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Film / Exit Smiling

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Exit Smiling is a 1926 comedy directed by Sam Taylor, starring Beatrice Lillie. Violet is a member of a theater troupe that criss-crosses the country performing a cheesy melodrama called "Flaming Women, Shattered Hearts". Violet is the servant of the troupe, left to do scut work like washing and ironing, allowed to play the maid in the play as she does in real life, but dreaming of playing a bigger part. One day Jimmy Marsh (Jack Pickford, Mary's brother), who had to leave his podunk town of East Farnham suddenly under mysterious circumstances, boards the train carrying Violet's troupe. Violet falls in love with Jimmy—and when the troupe happens to stop in East Farnham to perform their play, Violet gets a chance to prove her love for Jimmy.

Beatrice Lillie was a famous stage performer who made her feature film debut here. Reportedly she didn't care for movies, and only appeared in seven films over a period of fifty years. Sharp-eyed silent movie buffs will recognize Harry Myers, who played the Millionaire in City Lights, as Jesse Watson, the villain.

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  • Blackmail: Another evil-doer threatens Watson, telling him that if Watson doesn't pay him money owed, he will reveal Watson's frame job that implicated Jimmy in embezzlement. Violet sets out to interrupt their rendezvous, hoping to cause the blackmailer to expose Watson and clear Jimmy's name.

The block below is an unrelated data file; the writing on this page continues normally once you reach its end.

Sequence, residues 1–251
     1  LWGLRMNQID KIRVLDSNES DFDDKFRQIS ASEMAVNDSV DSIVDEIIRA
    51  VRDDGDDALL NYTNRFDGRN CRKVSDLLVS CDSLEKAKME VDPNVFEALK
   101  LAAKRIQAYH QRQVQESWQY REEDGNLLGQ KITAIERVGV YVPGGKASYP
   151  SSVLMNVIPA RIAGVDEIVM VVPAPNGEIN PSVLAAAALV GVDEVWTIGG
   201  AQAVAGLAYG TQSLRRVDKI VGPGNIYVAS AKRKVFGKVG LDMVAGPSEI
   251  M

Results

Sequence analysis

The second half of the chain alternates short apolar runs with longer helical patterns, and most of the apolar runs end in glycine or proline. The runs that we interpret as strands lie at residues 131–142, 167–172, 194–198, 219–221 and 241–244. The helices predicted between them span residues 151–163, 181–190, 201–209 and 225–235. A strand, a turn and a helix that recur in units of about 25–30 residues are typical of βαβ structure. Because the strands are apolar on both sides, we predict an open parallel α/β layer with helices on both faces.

• Camp Gay: Cecil Lovelace, the effiminate, campy actor in the troupe. Franklin Pangborn, who made his film debut with this part, played Camp Gay characters like this for over a quarter-century.
  • Cross-Cast Role: In-universe. Jimmy panics when the troupe pulls into East Farnham, where he is still wanted for embezzlement. Violet says she'll play the part forhim. The results are disastrous.
  • Defictionalization: In-universe. The plot of "Flaming Women, Shattered Hearts" involves the heroine pretending to be The Vamp in order to delay the villain an hour and (somehow) save her lover. When Violet intercepts the note from the blackmailer, she realizes that if she can stop Watson from meeting the blackmailer, the blackmailer will reveal his secret and clear Jimmy's name. She then resolves to act out "Flaming Women, Shattered Hearts" in Real Life. It turns out Violet is really bad at being The Vamp, so she resorts to things like tackling the bad guy and ripping the cord out of his phone.
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  • Did Not Get the Girl / Downer Ending / Sudden Downer Ending: Jimmy is cleared, thanks to Violet's intervention. He then tells Violet, who is desperately in love with him, that he is staying in East Farnham with the girl he had to leave behind when he skipped town. The movie ends with Violet alone on the train, weeping.
  • Dramatic Irony: "I sure hope you get a chance to play that vampire part some day", says Jimmy to Violet as he leaves. She did, for him.
  • Enforced Method Acting: In-Universe. Violet holds an onion under Jimmy's face to get him to cry, when Jimmy is auditioning for a part in the troupe.
  • I Have You Now, My Pretty: "I have you in my fiendish clutches", says the bad guy to the heroine in "Flaming Women, Shattered Hearts".
  • Large Ham: In-universe. Quite a bit from the members of the troupe, but Violet stands out when she horribly butchers the part of the villain in "Flaming Women, Shattered Hearts".
  • Meet Cute: Violet the aspiring actress is acting out a dramatic scene on the train, drawing the attention of Jimmy, who thinks something is wrong with her.
  • Melodrama: "Flaming Women, Shattered Hearts" is a ridiculous over-the-top melodrama.
  • Oblivious to Love: Jimmy never does figure it out.
  • Show Within a Show: "Flaming Women, Shattered Hearts"
  • Stealing from the Till: Watson stole $5000 from his bank. He framed Jimmy, which is why Jimmy suddenly left town.
  • Time Skip: The film opens with Violet the maid, frustrated with her menial job and wishing for a bigger part in the play. 10 years pass, and she is still frustrated with her menial job and wishing for a bigger part in the play.
  • The Vamp: See Defictionalization above.
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